It would seem then that, in Dirk Koetter’s mind, the running back group looks like Barber, Rodgers, Jones, and maybe, if they have a fourth, it’ll be between Sims and Wilson.
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The Tampa Bay Buccaneers have one of the most formidable groups of wide receivers in the NFL. Helmed by Mike Evans, bolstered by Desean Jackson, Chris Godwin, and Adam Humphries, the wide receivers group will be a hard group to break into on this roster. Again, the question must be asked how many do they keep. I’m betting on six. Which means they have two roster spots for effectively four guys.
Two of those guys, Freddie Martino and Bernard Reedy, have been around the team for a while, bouncing back and forth between the practice squad and the active roster. They have real game experience, which definitely gives them an edge, but it seems as if they have also shown their ceiling.
The other two options are, last years undrafted Free Agent, Bobo Wilson, who has been looking great in camp, and this year’s fifth round draft pick, Justin Watson, who has also been having a pretty good camp. Both of these guys lack the real game experience that Martino and Reedy have, but their youth and their potentially higher ceiling, make them very appealing.
My thinking has been that they’ll keep one guy from each of these two groups, get one guy with experience, and another guy with a potentially higher ceiling. For me, Bobo Wilson seems more likely to get the nod, and the team will roll the dice on keeping Watson on the practice squad. But the battle between Martino and Reedy has been interesting.
Until the walk-through and Martino was clearly spotted on the roster locked side, which Reedy, Wilson, and Watson (along with oft discussed Jake Lampman) were all on the roster not locked side.
So perhaps the wide receiver room really looks like Evans, Jackson, Godwin, Humphries, Martino, with room for just one more…will it be Wilson or Watson…or could I be wrong and it’s Reedy? One thing is for sure in my mind, Martino’s spot on this roster is looking pretty secure.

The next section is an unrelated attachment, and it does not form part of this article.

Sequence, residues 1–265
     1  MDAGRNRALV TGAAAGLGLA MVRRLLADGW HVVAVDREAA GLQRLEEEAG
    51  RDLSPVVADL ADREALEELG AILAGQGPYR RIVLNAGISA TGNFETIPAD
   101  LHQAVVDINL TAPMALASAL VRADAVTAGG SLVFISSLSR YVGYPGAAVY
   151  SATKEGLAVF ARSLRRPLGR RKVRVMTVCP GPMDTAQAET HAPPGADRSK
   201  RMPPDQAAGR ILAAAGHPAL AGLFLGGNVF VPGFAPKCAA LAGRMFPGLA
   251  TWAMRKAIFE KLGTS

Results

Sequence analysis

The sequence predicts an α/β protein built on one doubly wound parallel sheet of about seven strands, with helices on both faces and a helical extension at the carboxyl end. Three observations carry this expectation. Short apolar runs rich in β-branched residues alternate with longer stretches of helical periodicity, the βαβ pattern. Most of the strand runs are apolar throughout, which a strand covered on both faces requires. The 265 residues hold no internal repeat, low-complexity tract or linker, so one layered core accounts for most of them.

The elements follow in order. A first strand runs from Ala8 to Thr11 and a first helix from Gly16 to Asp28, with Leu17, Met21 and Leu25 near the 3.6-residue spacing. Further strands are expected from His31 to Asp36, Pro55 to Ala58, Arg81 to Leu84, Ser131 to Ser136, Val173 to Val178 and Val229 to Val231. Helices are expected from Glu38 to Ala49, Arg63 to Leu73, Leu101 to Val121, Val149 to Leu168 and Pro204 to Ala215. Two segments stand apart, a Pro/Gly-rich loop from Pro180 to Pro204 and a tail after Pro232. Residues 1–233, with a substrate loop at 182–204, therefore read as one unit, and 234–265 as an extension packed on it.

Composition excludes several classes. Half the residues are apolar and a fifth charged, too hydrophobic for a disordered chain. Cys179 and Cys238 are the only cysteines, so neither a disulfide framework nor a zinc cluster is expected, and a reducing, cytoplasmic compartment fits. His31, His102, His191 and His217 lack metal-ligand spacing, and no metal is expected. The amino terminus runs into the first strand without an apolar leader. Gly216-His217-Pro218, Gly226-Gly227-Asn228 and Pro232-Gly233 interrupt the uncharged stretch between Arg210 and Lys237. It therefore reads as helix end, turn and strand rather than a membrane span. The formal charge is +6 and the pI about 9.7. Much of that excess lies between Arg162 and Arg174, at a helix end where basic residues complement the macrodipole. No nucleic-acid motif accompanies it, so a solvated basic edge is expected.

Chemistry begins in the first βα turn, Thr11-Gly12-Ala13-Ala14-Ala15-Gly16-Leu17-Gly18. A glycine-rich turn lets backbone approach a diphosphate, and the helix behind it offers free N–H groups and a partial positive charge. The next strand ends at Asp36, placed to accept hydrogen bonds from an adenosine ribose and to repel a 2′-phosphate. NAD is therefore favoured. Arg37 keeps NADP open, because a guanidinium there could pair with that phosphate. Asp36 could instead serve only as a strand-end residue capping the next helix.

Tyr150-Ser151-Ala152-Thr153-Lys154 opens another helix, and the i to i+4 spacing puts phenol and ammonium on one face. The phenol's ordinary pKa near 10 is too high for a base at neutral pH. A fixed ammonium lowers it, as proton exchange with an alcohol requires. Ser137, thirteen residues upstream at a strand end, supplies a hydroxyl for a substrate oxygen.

Tight Ends is a weird group for the Buccaneers as they lump in with this group the Full Backs. Tight End Cameron Brate, who just signed a new six year, $40 million contract isn’t going anywhere. Neither is 2017 first round pick OJ Howard. But beyond those two, it’s a battle. And once again, we must ask ourselves, how many will they keep on the active roster? Historically, four is a safe bet. Five would almost be too much, including that Full Back position.
Filling out the rest of the this group is an undrafted free agent from last year, Antony Auclair, whom OJ Howard told me is nick named Ant, like the bug, who pushed out long time veteran Luke Stocker mid season last year. Alan Cross, who, like Martino and Reedy, has bounced around between the practice squad and active roster quite a bit over the last few years. Auclair being a true tight end, big and powerful. And Cross being more of a full back, short and stocky.
The question here really revolves around Alan Cross. Auclair seems certain to make the team. But with Cross, do Koetter and Licht want a true full back on this team or might they pass over Cross for another true Tight End. His spot on the 53 man roster is all but certain.
Well, two clues as to Cross’s status can help us answer that. First, in the walk-through, it was Alan Cross on the roster locks side, while it was Antony Auclair on the roster not locked side.
Combine that with Dirk Koetter presser comment when asked about Alan Cross as a “bubble player,” and Koetter commented, “I’d say he’s not on the bubble.”
Add to that the fact that as of the writing of this article, the Bucs have waived nearly all of their extra camp players at the Tight End position, it seems that the Bucs are already locking in their Tight End room for the start of the 2018 season. The only question remains, will Koetter keep a fifth guy around on this squad…I think that’s doubtful.